The Current Cinema November 23, 2015 Issue Secret Lives“Carol” and “Legend.”By Anthony LaneRooney Mara and Cate Blanchett in an adaptation of a Patricia Highsmith novel.Illustration by Matt TaylorWho is the heroine of Todd Haynes’s “Carol”?
There are two candidates. One is Carol Aird (Cate Blanchett), a wife and mother whom we first espy in a mink coat, and who never really sheds that touch of caressable luxury. The second is Therese Belivet (Rooney Mara), who is only just a woman; in the 1952 novel from which the film derives, Patricia Highsmith’s “The Price of Salt,” Therese—pronounced the French way, bien sûr—is nineteen. Mara’s poise may add a few years, but, nevertheless, a précis might suggest a disturbing tale of maturity preying on youth. Yet that is not what emanates from “Carol.” It feels more like a meeting, or a conflagration, of equals. “Take me to bed,” one says to the other, and the line is both a yielding and a command.The time is the nineteen-fifties, perhaps the last epoch when, as a moviegoer, you could still believe that some enchanted evening you would see a stranger across a crowded room, and somehow know. The sighting takes place some disenchanted winter day, in Frankenberg’s, a department store in Manhattan, when Therese, a temporary salesgirl in a Santa hat, serves Carol at the peak of the Christmas rush. Carol leaves her gloves on the counter—a detail not found in Highsmith but cleverly stitched on by Haynes and his excellent screenwriter, Phyllis Nagy, who make us wonder, at once, whether Carol is being cunning or forgetful. Either way, she gets results. Therese makes contact; Carol invites her out to lunch, and then to the Aird family home, in New Jersey.
Before we know it—almost before they know it—the two women embark on a road trip. Carol’s smooth gray Packard glides along like a boat, as if roads were rivers, and the open country offers space, as New York could not, for the free play of forbidden love. It’s possible that Carol and Therese might pause at an intersection to let another car, bearing Humbert and Lolita, sweep past.The marriage of true minds, of course, demands impediment. Why should Haynes return to the patch of history that he visited in “Far from Heaven” (2002)? Because the period guarantees not only high-grade romantic trappings but also the basic thwarting without which romance cannot flower into drama. If Haynes had updated “The Price of Salt” to the present, our response would have been: big deal. Trade your straight marriage for a same-sex relationship, these days, and you will be hailed for your emotional honesty, whereas Highsmith, steeped in crime fiction, needed the creak of danger and the hiss of social disdain. The film is at its best when it honors that craving for trouble—when Therese, idly picking through Carol’s suitcase and fingering the fabric of the clothes inside, discovers a gun. (Carol fears being trailed.) For an instant, the lovers might be thieves, fleeing a heist or a suspicious death.But what, in fact, have they left behind? Well, Therese is abandoning Richard (Jake Lacy), her tepid boyfriend, while Carol is faced with a graver loss. She and her husband, Harge (Kyle Chandler)—somehow, a whole bad marriage is contained in the monosyllabic thud of his name—are already getting divorced as the movie begins, and, once he gathers evidence of what is regarded as his wife’s immoral conduct, he gets custody of their daughter, Rindy (played by Kennedy and Sadie Heim). Here the film stumbles, since we had little sense of Rindy in the first place, and Carol’s maternal agony, such as it is, does not endure. Her coolness, measured out in Blanchett’s every gesture, frosts over with a hint of cruelty. That, I guess, is true to Highsmith, who has scant interest in children or in the panoply of domestic joys, which to her are barely joys at all.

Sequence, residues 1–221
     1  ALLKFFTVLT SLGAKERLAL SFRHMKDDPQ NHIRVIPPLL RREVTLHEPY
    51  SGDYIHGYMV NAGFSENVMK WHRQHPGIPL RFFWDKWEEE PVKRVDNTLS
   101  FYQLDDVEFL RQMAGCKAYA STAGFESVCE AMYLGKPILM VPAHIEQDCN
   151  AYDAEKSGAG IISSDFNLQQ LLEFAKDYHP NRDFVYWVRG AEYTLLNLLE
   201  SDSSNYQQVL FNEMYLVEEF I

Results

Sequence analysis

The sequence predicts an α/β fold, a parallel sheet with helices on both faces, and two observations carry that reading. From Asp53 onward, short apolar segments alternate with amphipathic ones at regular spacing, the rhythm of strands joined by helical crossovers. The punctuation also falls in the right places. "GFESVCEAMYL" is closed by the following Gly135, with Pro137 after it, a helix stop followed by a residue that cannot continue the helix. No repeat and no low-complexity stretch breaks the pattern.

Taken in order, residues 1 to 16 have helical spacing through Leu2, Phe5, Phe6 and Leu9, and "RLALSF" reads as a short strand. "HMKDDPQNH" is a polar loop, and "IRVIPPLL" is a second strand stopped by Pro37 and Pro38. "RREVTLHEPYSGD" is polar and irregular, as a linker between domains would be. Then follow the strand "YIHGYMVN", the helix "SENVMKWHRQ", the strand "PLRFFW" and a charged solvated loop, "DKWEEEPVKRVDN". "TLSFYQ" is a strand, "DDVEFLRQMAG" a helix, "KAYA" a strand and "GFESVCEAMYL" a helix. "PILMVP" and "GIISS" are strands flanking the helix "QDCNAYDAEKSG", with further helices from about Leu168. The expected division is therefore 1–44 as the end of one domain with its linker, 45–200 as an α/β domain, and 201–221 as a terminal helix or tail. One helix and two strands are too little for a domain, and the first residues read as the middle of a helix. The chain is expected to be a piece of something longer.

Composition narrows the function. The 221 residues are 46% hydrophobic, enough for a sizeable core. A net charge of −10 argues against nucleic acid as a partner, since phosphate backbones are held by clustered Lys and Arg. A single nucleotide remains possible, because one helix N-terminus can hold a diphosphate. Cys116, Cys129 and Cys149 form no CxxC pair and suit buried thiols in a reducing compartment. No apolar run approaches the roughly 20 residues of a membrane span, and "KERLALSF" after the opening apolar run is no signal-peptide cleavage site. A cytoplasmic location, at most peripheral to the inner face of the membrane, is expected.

Where “Carol” does part company with the novel is in the testimony of the senses. Highsmith soaks her prose in a disgust worthy of Graham Greene, starting with an account of lunch at the Frankenberg’s cafeteria (“a grayish slice of roast beef with a ball of mashed potatoes covered with brown gravy”) and scarcely letting up. Haynes, it is fair to say, does not do gravy. He does beauty, and a dread of the unbeautiful sustains his film. Carol tells Harge that, if they go to court, “it gets ugly. We’re not ugly people.” When she first appears in the store, you see at a glance that her hat, her soft scarf, and her nail polish form a chord of coral red, and you realize that a symphonic surge of loveliness is heading your way. So why fight it? Blanchett cocks her cigarette at the perfect angle, pearling our view of her in a faint mist, and the mink coat alone is enough to make animal-rights activists purchase a nice set of steel traps and head for the woods. Highsmith describes a “mob” at the mouth of a subway, “sucked gradually and inevitably down the stairs, like bits of floating waste down a drain,” but the only drain